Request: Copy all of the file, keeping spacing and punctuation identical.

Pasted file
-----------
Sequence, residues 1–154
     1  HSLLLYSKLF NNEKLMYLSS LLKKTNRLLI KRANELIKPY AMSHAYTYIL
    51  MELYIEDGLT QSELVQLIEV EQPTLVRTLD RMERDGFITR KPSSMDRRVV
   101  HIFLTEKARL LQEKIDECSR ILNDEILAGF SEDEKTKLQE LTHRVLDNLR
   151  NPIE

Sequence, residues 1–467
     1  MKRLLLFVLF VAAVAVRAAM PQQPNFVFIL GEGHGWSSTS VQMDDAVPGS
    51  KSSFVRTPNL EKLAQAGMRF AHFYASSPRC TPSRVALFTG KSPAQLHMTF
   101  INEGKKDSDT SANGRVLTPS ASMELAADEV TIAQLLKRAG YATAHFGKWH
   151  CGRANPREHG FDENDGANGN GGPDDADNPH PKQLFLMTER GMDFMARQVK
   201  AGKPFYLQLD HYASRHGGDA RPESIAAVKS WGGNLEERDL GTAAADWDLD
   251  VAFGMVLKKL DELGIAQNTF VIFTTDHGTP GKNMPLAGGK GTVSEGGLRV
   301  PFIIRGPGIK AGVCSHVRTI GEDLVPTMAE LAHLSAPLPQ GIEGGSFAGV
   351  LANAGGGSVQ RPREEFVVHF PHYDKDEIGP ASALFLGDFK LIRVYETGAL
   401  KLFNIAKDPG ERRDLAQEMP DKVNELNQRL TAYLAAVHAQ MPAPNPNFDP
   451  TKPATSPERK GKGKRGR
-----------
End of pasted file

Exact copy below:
Sequence, residues 1–154
     1  HSLLLYSKLF NNEKLMYLSS LLKKTNRLLI KRANELIKPY AMSHAYTYIL
    51  MELYIEDGLT QSELVQLIEV EQPTLVRTLD RMERDGFITR KPSSMDRRVV
   101  HIFLTEKARL LQEKIDECSR ILNDEILAGF SEDEKTKLQE LTHRVLDNLR
   151  NPIE

Sequence, residues 1–467
     1  MKRLLLFVLF VAAVAVRAAM PQQPNFVFIL GEGHGWSSTS VQMDDAVPGS
    51  KSSFVRTPNL EKLAQAGMRF AHFYASSPRC TPSRVALFTG KSPAQLHMTF
   101  INEGKKDSDT SANGRVLTPS ASMELAADEV TIAQLLKRAG YATAHFGKWH
   151  CGRANPREHG FDENDGANGN GGPDDADNPH PKQLFLMTER GMDFMARQVK
   201  AGKPFYLQLD HYASRHGGDA RPESIAAVKS WGGNLEERDL GTAAADWDLD
   251  VAFGMVLKKL DELGIAQNTF VIFTTDHGTP GKNMPLAGGK GTVSEGGLRV
   301  PFIIRGPGIK AGVCSHVRTI GEDLVPTMAE LAHLSAPLPQ GIEGGSFAGV
   351  LANAGGGSVQ RPREEFVVHF PHYDKDEIGP ASALFLGDFK LIRVYETGAL
   401  KLFNIAKDPG ERRDLAQEMP DKVNELNQRL TAYLAAVHAQ MPAPNPNFDP
   451  TKPATSPERK GKGKRGR